New England

December, 2010
Regional Report

Keep Gift Plants Happy

When transporting holiday gift plants, be sure to enclose them in a sleeve or bag to protect them from the cold, even for a short dash to the car. And make your plant purchase your last stop; don't leave plants sitting in a cold car while you run other errands. At home, remove at least the bottom section of any decorative foil around the pots or punch some holes in the foil so water can drain out.

Poinsettia Pointers

Give your poinsettia bright light, but keep it away from drafts near windows, doors, heating vents or fireplaces. Modern varieties can hold onto their colored bracts for months after the holidays. To keep your plant thriving, keep soil lightly moist at all times and feed with an African violet-type fertilizer (high in phosphorus) every 2-3 weeks.

Mulch Perennial Beds

Once the ground is frozen hard, spread a loose organic mulch like straw or chopped leaves in perennial beds. The mulch will help protect plants from being heaved out of the soil due to the alternate freezing and thawing of the soil over the winter, especially after brief mid-winter warm spells. Pay special attention to plants that were planted or divided in the fall as they may not have developed enough of a root system yet to anchor them well in the soil.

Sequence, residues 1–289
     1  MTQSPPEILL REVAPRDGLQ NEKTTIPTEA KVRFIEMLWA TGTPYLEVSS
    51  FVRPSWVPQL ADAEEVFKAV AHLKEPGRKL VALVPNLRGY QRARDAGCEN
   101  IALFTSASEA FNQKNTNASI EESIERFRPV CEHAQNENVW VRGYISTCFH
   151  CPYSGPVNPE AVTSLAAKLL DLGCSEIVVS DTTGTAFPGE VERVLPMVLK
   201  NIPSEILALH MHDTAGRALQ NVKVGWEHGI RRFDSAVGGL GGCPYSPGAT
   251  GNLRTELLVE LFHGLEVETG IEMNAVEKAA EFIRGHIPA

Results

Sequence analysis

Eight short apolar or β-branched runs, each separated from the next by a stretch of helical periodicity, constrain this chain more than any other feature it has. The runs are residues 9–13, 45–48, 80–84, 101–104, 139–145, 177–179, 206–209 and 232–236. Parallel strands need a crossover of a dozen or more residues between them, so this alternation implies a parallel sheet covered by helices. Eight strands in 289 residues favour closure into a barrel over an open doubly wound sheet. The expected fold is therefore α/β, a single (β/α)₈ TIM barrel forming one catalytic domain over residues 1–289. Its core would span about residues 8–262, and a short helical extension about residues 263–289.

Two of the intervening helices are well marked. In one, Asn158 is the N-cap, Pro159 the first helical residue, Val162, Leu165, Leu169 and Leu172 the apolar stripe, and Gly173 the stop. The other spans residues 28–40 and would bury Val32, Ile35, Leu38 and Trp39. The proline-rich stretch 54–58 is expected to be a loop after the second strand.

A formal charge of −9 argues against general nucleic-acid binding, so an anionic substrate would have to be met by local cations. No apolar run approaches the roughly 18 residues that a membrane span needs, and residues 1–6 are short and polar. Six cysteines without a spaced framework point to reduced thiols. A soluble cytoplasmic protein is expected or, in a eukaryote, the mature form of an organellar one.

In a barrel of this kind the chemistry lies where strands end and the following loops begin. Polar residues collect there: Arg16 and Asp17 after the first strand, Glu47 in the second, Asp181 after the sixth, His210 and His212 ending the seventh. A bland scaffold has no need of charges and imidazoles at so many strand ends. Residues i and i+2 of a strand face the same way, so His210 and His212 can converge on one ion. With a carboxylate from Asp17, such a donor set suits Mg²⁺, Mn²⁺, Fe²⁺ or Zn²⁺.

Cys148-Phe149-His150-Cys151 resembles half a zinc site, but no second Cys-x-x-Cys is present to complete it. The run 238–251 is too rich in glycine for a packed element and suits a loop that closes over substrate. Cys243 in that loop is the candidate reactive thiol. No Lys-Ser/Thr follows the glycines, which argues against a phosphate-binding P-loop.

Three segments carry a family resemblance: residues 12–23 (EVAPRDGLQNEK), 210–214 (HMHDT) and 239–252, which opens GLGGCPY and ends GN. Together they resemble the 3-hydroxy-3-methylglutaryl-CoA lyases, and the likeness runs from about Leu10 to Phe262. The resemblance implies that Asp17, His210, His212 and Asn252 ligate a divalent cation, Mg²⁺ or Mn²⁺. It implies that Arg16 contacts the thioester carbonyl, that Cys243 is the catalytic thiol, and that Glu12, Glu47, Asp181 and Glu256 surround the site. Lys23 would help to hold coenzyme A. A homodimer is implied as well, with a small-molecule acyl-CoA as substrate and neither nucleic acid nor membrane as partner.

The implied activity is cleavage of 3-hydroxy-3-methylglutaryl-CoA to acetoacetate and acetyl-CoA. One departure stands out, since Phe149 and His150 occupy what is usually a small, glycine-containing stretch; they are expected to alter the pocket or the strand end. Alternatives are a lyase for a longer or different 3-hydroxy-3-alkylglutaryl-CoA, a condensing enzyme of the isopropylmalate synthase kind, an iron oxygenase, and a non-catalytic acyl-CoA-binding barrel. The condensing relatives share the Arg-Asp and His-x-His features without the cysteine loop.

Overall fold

Stockpile Safe De-Icers

Lay in a supply of abrasives such as sand or kitty litter to sprinkle over icy sidewalks and drives. Try to minimize the use of de-icer salts that can damage plants and soils, pollute waterways with run-off and corrode concrete and metals. If you feel you must use salts, calcium chloride properly applied causes less plant damage than rock salt. And don't overapply. Mix with an abrasive and start with a small amount as soon as icing begins. Keep adding additional small amounts as needed and you'll get the most melting for the least amount of chemicals.

Protect Young Trees

Wrap the trunks of young trees with tree wrap tape or spiral plastic protectors to prevent damage from sun scald and frost cracks. Enclose the trunks in cylindrical cages made of hardware cloth to protect trunks from being nibbled on by rodents and rabbits. Extend the wire cages into the soil a few inches and make them tall enough to keep rabbits on top of the snow from reaching the trunks, usually 18-24" above the anticipated snow line.

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